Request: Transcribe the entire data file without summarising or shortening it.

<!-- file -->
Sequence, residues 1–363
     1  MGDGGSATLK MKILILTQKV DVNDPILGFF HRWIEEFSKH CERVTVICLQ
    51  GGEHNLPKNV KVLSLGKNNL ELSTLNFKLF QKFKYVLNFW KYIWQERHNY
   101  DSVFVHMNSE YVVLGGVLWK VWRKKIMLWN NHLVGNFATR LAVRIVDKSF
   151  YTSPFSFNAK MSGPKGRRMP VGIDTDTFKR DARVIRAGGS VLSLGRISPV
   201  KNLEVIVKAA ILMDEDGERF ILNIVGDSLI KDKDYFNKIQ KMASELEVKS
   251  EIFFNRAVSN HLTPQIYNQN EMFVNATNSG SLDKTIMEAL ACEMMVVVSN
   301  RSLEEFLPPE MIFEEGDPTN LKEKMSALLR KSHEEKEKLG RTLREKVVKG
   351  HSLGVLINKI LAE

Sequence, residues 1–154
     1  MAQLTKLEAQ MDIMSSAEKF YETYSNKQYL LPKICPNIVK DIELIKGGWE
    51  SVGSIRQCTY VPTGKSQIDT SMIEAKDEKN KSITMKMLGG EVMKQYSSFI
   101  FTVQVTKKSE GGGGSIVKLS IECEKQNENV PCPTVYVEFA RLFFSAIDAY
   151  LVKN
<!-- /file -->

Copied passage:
Sequence, residues 1–363
     1  MGDGGSATLK MKILILTQKV DVNDPILGFF HRWIEEFSKH CERVTVICLQ
    51  GGEHNLPKNV KVLSLGKNNL ELSTLNFKLF QKFKYVLNFW KYIWQERHNY
   101  DSVFVHMNSE YVVLGGVLWK VWRKKIMLWN NHLVGNFATR LAVRIVDKSF
   151  YTSPFSFNAK MSGPKGRRMP VGIDTDTFKR DARVIRAGGS VLSLGRISPV
   201  KNLEVIVKAA ILMDEDGERF ILNIVGDSLI KDKDYFNKIQ KMASELEVKS
   251  EIFFNRAVSN HLTPQIYNQN EMFVNATNSG SLDKTIMEAL ACEMMVVVSN
   301  RSLEEFLPPE MIFEEGDPTN LKEKMSALLR KSHEEKEKLG RTLREKVVKG
   351  HSLGVLINKI LAE

Sequence, residues 1–154
     1  MAQLTKLEAQ MDIMSSAEKF YETYSNKQYL LPKICPNIVK DIELIKGGWE
    51  SVGSIRQCTY VPTGKSQIDT SMIEAKDEKN KSITMKMLGG EVMKQYSSFI
   101  FTVQVTKKSE GGGGSIVKLS IECEKQNENV PCPTVYVEFA RLFFSAIDAY
   151  LVKN